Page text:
Journal article

Age discrimination in the workplace

26 Aug 2014

Age discrimination is often cited as a barrier to participation in work by older people, and the workplace provides the most common grounds for complaints of this nature. Age discrimination predominantly affects older rather than younger groups (although the latter are not exempt), and is often based on myths and stereotyped attitudes about older people and older workers which can be easily refuted. Age discrimination as an issue in the workplace is not new. Age discrimination pervades the entire employment relationship and can take a variety of forms. It occurs in relation to promotion, job allocation, salary differentials, access to training and staff benefits (for example, cut-off ages for life assurance cover and long service leave). General attitudes, as well as inter-staff action such as bullying and exclusion from social activities, can also disadvantage older workers .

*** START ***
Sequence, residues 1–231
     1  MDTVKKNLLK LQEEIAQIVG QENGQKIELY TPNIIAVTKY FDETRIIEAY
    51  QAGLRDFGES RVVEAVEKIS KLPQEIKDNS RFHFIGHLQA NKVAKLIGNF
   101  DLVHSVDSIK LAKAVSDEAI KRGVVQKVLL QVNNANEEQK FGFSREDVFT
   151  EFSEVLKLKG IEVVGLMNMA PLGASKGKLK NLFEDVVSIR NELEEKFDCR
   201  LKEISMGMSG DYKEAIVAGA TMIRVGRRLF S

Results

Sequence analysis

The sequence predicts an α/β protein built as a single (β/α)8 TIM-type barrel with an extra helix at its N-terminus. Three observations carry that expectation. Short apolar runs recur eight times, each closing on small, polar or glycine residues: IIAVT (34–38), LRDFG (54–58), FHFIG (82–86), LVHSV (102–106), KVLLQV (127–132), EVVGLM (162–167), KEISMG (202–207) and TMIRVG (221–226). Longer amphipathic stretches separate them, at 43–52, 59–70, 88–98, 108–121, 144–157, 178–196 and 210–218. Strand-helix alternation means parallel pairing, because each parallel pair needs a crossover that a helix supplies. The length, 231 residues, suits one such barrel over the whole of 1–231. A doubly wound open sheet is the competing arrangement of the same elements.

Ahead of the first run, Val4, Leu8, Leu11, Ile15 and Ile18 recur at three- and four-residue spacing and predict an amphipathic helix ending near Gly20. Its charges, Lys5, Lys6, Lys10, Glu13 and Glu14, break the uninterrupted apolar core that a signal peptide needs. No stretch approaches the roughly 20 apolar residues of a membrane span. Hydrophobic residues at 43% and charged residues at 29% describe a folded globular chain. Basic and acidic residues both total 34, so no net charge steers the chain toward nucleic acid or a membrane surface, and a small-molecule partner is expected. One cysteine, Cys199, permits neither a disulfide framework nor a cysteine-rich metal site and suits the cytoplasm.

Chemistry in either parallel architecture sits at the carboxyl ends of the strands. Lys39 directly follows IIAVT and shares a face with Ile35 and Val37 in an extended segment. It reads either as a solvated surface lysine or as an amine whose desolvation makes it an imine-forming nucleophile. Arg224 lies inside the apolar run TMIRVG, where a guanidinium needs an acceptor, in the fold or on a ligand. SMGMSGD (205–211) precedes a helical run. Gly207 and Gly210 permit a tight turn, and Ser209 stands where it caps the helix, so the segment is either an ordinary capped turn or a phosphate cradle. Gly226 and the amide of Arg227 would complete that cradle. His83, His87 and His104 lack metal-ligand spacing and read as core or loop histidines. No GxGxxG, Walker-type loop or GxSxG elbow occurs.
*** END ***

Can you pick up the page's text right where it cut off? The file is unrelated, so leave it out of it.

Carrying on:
Judith Davey is a Senior Associate of the Institute for Governance and Policy Studies and was formerly Director of the New Zealand Institute for Research on Ageing. Her main research focus is the policy implications of population ageing.

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